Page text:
Click to expand... Both glucose and fatty acids can be stored in the body as either glycogen for glucose (stored mainly in the liver or skeletal cells) or for FA's, as triacylglycerides (stored in adipose cells). We cannot store excess protein. It's either used to make other proteins, or flushed out of the body if in excess; that's generally the case but we try to make use of some of that energy instead of throwing it all away.
    When a person is deprived of nutrition for a period of time and glycogen stores are depleted, the body will immediately seek out alternative energy sources. Fats (stored for use) are the first priority over protein (which requires the breakdown of tissues such as muscle). We can mobilize these FA's to the liver and convert them to Acetyl-CoA to be used in the TCA cycle and generate much needed energy. On the contrary, when a person eats in excess (a fatty meal high in protein), it's more efficient to store fatty acids as TAG's over glycogen simply because glycogen is extremely hydrophilic and attracts excess water weight; fatty acids are largely stored anhydrously and so you essentially get more bang for your buck. This is evolutionary significant and why birds are able to stay light weight but fly for periods at a time, or why bears are able to hibernate for months at a time. Proteins on the other hand may be used anabolically to build up active tissues (such as when your working out those muscles), unless you live a sedentary lifestyle (less anabolism and therefore, less use of the proteins). As part of the excretion process, protein must be broken down to urea to avoid toxic ammonia and in doing so, the Liver can extract some of that usable energy for storage as glycogen.
    Also, it is worth noting that it is indeed possible to convert FA's to glucose but the pathway can be a little complex and so in terms of energy storage, is not very efficient. The process involves converting Acetyl-CoA to Acetone (transported out of mitochondria to cytosol) where it's converted to Pyruvate which can then be used in the Gluconeogenesis pathway to make Glucose and eventually stored as Glycogen. Have a look for yourself if your interested: http://www.ploscompbiol.org/article/info:doi/10.1371/journal.pcbi.1002116.g003/originalimage (and this excludes the whole glycogenesis pathway, which hasn't even begun yet).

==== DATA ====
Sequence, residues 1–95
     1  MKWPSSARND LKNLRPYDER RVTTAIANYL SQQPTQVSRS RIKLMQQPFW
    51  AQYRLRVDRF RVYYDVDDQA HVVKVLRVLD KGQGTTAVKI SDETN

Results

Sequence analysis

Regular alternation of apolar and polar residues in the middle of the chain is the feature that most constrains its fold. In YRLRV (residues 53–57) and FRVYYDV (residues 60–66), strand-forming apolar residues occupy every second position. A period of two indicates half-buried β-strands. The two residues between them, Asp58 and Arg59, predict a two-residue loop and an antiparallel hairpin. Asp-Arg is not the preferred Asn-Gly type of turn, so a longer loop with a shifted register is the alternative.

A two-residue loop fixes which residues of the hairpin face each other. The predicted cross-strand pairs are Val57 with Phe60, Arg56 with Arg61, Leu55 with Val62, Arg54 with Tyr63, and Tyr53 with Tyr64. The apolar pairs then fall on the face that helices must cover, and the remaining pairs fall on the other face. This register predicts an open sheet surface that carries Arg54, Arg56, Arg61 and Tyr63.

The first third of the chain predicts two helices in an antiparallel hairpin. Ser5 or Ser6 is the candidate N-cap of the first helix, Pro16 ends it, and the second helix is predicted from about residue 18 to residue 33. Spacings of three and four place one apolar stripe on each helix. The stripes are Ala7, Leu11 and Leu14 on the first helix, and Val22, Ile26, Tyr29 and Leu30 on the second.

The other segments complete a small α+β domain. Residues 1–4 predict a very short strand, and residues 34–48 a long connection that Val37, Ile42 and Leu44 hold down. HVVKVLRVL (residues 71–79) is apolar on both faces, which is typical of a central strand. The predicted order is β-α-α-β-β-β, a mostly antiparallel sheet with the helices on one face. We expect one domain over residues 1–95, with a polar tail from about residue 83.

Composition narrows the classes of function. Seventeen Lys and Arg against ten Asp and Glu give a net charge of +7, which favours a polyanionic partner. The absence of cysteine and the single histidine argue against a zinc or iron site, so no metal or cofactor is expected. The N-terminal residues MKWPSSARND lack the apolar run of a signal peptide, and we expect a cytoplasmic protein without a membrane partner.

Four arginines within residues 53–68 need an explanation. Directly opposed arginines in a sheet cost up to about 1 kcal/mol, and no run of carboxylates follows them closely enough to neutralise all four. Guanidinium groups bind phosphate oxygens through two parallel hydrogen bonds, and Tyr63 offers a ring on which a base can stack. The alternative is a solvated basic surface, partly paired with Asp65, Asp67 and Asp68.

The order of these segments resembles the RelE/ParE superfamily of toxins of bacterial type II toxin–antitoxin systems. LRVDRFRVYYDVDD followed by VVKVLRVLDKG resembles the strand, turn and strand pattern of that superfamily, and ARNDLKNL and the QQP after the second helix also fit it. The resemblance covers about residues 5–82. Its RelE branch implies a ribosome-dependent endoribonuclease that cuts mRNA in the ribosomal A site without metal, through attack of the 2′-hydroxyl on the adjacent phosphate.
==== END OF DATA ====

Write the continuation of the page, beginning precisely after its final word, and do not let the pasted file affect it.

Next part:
TLDR: it's because proteins have no ability to be stored in the body, but we can convert them to glycogen for storage during the breakdown process for excretion. Also, in terms of energy, it's a more efficient process than converting FA's to glycogen for storage.

  3. soccerman93

    This is where biochem comes in handy. Czarcasm gives a really good in depth answer, but a simpler approach is to count carbons. The first step of gluconeogenesis(formation of glucose) requires pyruvate, a 3 carbon molecule. Acetyl Co-A is a 2 carbon molecule, and most animals lack the enzymes (malate synthase and isocitrate lyase) required to convert acetyl co-A into a 3 carbon molecule suitable for the gluconeogenesis pathway. The ketogenic pathway is not efficient, as czarcasm pointed out. While acetyl co-A can indeed be used to form citric acid intermediates, these intermediates will be used in forming ATP, not glucose. Fatty acid oxidation does not yield suitable amounts of pyruvate, which is required for gluconeogenesis. This is part of why losing weight is fairly difficult for those that are overweight, we can't efficiently directly convert fat to glucose, which we need a fairly constant supply of. Sorry, that got a little long-winded

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The Liver And Blood Glucose Levels

Tweet Glucose is the key source of energy for the human body. Supply of this vital nutrient is carried through the bloodstream to many of the body’s cells. The liver produces, stores and releases glucose depending on the body’s need for glucose, a monosaccharide. This is primarily indicated by the hormones insulin - the main regulator of sugar in the blood - and glucagon. In fact, the liver acts as the body’s glucose reservoir and helps to keep your circulating blood sugar levels and other body fuels steady and constant. How the liver regulates blood glucose During absorption and digestion, the carbohydrates in the food you eat are reduced to their simplest form, glucose. Excess glucose is then removed from the blood, with the majority of it being converted into glycogen, the storage form of glucose, by the liver’s hepatic cells via a process called glycogenesis. Glycogenolysis When blood glucose concentration declines, the liver initiates glycogenolysis. The hepatic cells reconvert their glycogen stores into glucose, and continually release them into the blood until levels approach normal range. However, when blood glucose levels fall during a long fast, the body’s glyco Continue reading >>

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Popular Questions

  1. FatJessica

    > Ketosis taste in mouth?

    I caught a glimpse of a thread somewhere mentioning a taste in the mouth that some people get when they are in ketosis....anyone know what I'm talking about?

  2. MorganMac

    Yep, it's rather common. Ketone bodies (such as acetone) are excreted from the body in the breath and urine. Many people get "keto breath" for awhile when they start a LC diet :)

  3. FatJessica

    What does it smell like?